to enter was Lord Wemyss’s yacht MILLICENT followed by the German Schooner
HELENA MARIA then the two West Wemyss Schooners ECHO and EARL OF
CLARENDON. The first steamship to enter was S.S. ARON at a later date.
Buckhaven Fishing Boat PERSEVERANCE (KY.911), Skipper Andrew Thomson was
lost with all hands off Yarmouth on 23rd December 1874.
The Methil Sloop NEILSON (Packet Boat to Leith) master Alexander Thomson was
stranded and wrecked at Pettycur in 1874. She had traded from Methil for 50 years.
Buckhaven Fishing Boat EARLY DAWN (KY.226) fisherman Thomas Eason was lost
overboard off North Shields on 26th July 1875
Buckhaven Fishing Boat WILLIAM & SUSAN (KY.321) Skipper Robert Thomson
was lost with all hands off North Shields in 1876
In 1879 a new dock was built at Leven by the Leven Dock & Harbour Co.
A 41 Ton Yarmouth Smack FALCON was driven ashore and wrecked beneath Wemyss
Castle in 1879. The crew were lost.
The Brig SCIO of Sunderland was driven ashore at Methil on the 27th November 1881
Buckhaven Fishing Boat ONWARD (KY.1436) Skipper David Thomson was lost with
all hands off Shields in 1882
On the 4th July 1884 the Leven Schooner RIVAL owned by her Master Joseph Anderson
was wrecked on the Isle of Stroma in the Pentland Firth. All seven crew rescued.
Also 1884 saw the sale of five local fishing boats in Methil with the crews finding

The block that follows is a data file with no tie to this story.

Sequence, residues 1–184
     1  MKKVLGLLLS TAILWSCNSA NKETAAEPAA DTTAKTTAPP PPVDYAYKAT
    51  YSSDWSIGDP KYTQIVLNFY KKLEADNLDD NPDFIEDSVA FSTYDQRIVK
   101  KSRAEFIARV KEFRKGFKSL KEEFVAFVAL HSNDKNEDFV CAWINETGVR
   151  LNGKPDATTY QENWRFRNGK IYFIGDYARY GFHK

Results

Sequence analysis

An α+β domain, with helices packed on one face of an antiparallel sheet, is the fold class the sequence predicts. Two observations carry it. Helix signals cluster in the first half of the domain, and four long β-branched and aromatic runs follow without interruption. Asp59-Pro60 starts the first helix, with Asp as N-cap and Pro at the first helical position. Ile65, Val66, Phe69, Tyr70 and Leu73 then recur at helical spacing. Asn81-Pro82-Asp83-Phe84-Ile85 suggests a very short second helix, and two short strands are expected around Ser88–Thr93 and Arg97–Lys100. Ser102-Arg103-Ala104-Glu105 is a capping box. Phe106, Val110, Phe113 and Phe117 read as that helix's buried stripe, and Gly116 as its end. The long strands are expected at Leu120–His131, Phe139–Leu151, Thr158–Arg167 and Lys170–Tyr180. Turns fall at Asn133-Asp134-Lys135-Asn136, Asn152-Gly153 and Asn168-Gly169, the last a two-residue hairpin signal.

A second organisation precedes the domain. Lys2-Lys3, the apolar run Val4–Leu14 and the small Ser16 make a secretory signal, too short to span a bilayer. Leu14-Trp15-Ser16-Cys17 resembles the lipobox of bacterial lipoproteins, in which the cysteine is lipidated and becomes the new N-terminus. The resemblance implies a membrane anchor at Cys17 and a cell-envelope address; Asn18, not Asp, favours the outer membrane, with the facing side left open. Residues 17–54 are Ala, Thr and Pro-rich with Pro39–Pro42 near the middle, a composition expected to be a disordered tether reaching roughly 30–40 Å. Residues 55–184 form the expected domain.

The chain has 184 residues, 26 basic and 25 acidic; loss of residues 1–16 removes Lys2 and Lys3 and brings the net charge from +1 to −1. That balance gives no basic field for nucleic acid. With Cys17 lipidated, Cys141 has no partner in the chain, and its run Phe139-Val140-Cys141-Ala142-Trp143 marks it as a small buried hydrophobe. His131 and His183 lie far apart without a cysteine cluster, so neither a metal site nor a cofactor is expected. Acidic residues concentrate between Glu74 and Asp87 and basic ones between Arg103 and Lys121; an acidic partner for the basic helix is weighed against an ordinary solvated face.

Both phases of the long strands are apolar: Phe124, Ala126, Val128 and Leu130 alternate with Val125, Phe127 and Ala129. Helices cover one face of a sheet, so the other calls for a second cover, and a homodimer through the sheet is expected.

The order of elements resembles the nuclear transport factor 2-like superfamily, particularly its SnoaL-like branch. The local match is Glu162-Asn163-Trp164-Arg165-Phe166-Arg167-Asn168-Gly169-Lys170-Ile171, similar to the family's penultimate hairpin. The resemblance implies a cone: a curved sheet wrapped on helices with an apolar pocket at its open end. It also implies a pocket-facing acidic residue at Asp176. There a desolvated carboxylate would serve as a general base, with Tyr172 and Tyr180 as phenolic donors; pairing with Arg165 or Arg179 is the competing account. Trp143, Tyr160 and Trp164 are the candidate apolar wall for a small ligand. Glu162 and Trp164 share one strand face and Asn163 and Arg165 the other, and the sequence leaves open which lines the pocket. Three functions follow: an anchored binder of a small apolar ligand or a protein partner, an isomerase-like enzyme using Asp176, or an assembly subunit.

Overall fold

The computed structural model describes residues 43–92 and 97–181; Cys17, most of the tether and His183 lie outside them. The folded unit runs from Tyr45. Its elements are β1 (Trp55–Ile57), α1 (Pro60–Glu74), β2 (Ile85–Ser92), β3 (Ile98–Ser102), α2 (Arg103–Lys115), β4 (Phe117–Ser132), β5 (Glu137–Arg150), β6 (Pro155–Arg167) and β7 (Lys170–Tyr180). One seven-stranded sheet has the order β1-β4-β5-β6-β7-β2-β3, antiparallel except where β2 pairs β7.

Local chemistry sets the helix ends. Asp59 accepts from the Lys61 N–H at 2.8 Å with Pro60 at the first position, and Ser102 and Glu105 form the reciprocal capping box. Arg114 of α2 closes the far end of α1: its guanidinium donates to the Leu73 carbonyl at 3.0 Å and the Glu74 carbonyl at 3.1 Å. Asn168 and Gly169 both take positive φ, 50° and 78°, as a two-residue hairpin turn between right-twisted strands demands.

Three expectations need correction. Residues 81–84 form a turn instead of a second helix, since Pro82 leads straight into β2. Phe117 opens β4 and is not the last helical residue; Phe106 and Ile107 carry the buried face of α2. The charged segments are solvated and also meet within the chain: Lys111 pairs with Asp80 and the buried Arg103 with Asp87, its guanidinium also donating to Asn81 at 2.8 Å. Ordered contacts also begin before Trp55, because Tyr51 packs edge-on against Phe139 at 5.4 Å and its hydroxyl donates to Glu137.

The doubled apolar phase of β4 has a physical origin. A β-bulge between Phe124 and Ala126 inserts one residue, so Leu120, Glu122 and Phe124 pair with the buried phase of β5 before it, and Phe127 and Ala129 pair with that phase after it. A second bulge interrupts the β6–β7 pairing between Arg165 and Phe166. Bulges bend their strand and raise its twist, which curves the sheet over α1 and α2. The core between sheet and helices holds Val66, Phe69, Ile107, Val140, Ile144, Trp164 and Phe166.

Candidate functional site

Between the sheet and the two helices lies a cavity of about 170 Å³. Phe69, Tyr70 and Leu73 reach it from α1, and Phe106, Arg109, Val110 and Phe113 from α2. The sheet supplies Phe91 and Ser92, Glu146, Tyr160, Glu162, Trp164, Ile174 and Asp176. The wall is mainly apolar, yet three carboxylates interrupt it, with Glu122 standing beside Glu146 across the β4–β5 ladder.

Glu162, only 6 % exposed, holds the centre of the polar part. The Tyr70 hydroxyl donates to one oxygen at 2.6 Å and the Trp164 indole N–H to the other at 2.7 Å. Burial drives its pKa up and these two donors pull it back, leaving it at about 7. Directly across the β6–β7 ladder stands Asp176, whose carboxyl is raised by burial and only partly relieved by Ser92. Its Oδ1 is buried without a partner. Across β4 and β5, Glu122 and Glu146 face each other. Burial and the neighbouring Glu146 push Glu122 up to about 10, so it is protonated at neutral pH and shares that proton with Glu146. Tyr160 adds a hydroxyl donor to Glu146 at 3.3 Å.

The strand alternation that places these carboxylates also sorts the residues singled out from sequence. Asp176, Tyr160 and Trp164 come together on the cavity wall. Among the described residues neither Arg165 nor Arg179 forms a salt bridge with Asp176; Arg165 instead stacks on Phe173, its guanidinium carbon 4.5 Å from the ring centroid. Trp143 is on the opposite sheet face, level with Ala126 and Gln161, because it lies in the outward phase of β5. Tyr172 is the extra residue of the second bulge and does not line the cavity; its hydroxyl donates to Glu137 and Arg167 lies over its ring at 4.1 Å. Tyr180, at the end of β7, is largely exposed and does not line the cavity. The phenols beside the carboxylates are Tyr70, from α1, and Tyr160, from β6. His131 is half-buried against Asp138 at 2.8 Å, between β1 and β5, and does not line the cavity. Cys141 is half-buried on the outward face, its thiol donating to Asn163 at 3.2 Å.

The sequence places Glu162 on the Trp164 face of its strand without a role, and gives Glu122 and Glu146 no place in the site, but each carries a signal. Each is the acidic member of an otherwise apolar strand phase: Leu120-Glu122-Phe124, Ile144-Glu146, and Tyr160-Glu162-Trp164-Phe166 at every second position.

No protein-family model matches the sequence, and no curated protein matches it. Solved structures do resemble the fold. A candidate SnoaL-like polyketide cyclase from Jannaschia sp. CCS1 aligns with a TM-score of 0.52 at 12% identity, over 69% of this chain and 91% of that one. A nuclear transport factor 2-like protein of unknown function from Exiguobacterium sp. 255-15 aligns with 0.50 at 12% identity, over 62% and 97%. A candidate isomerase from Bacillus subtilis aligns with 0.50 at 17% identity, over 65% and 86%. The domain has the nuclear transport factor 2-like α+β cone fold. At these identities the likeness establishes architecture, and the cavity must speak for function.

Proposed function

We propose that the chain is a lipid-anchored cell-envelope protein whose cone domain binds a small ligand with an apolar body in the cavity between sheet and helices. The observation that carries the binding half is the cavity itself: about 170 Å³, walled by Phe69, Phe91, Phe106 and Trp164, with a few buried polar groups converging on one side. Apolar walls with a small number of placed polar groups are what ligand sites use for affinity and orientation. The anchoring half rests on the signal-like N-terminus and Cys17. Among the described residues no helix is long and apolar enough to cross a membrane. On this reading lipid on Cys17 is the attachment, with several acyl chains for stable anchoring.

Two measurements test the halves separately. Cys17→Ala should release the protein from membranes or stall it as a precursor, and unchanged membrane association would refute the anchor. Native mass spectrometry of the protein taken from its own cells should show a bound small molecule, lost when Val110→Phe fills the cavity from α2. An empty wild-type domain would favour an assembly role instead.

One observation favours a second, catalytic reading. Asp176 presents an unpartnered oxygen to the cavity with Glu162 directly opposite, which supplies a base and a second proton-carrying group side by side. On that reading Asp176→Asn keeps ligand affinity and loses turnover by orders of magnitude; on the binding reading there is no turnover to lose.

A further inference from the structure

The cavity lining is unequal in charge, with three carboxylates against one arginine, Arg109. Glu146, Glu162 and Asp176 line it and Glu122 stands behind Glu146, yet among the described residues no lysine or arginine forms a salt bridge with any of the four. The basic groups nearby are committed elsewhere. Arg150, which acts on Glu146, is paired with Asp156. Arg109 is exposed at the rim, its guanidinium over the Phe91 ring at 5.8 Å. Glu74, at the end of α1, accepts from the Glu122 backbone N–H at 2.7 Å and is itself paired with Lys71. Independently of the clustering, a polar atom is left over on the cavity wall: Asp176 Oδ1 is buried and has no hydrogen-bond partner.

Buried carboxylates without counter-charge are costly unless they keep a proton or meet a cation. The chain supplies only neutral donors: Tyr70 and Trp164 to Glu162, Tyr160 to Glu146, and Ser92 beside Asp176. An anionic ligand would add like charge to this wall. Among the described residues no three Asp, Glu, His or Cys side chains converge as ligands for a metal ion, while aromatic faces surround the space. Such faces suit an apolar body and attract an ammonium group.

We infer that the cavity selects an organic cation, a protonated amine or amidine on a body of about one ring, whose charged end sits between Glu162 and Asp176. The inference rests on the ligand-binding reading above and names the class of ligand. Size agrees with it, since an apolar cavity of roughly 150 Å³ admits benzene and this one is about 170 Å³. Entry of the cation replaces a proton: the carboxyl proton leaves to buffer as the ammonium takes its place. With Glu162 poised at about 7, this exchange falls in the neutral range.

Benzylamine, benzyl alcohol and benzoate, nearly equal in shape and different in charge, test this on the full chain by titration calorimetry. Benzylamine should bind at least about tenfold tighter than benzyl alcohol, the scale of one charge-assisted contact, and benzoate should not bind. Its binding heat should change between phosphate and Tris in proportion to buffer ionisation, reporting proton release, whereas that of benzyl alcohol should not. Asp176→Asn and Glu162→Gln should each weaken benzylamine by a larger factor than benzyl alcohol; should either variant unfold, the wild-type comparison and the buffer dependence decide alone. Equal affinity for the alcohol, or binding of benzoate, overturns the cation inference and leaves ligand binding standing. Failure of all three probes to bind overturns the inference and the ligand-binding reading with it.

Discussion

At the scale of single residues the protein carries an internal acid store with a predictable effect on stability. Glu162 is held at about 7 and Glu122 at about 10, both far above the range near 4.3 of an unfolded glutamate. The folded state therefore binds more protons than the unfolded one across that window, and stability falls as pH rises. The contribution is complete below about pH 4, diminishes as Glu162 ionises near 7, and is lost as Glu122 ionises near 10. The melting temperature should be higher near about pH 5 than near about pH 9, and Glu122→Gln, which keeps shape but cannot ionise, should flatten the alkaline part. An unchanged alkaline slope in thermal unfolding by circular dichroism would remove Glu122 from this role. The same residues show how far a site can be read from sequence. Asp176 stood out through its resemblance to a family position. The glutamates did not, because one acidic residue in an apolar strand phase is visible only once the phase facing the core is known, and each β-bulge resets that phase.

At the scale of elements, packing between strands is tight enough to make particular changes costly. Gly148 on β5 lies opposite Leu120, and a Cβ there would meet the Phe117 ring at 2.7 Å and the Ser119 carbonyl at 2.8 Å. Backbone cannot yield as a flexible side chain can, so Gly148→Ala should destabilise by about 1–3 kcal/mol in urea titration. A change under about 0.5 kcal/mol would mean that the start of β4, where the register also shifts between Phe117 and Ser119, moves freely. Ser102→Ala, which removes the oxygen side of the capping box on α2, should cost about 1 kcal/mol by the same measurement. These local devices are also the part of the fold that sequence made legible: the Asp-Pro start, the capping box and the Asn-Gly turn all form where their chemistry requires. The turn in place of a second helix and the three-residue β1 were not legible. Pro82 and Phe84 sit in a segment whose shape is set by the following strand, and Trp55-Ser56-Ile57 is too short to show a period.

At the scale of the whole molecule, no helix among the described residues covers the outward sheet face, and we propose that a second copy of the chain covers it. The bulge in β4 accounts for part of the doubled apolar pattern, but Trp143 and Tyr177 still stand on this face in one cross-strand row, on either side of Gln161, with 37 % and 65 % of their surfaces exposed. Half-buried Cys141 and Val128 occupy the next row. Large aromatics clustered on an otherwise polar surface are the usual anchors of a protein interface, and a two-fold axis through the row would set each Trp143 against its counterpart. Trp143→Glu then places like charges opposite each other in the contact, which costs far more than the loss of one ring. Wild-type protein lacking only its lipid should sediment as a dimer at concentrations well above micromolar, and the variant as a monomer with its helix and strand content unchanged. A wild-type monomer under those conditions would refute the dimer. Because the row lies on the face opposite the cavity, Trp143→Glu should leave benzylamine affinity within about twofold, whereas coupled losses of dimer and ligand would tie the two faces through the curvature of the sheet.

alternative employment at the building of Methil Dock. The boats sold were
MARGARET (KY.198) and MARY’S (KY.199). Each boat carried a crew of five.
The Inverness registered schooner WILLIAM ANDERSON was driven ashore and lost
East of Methil on a voyage from Leith to Leven on the 6th April 1885.
Largo Fishing Boat BROTHERS (KY.39) was lost with all hands off May Island on
30th March 1886. Those lost were Samuel (Skipper), John & Alexander Gillies, David,
David Jnr, & James Wishart and John Johnston.
On the 30th December 1886 a young Methil seaman Thomas Robertson was drowned
from the Dredger BEAUFORT at the construction of Methil Dock.
ISABELLA COMBE (LH.5) of Newhaven arrived at Methil on the 9th March 1887 with
her Skipper/Owner Robert Paterson who was one of six Newhaven Pilot/Fishermen
employed at the opening of Methil Dock. The 6 Ton Yawl of 25 Ft in length was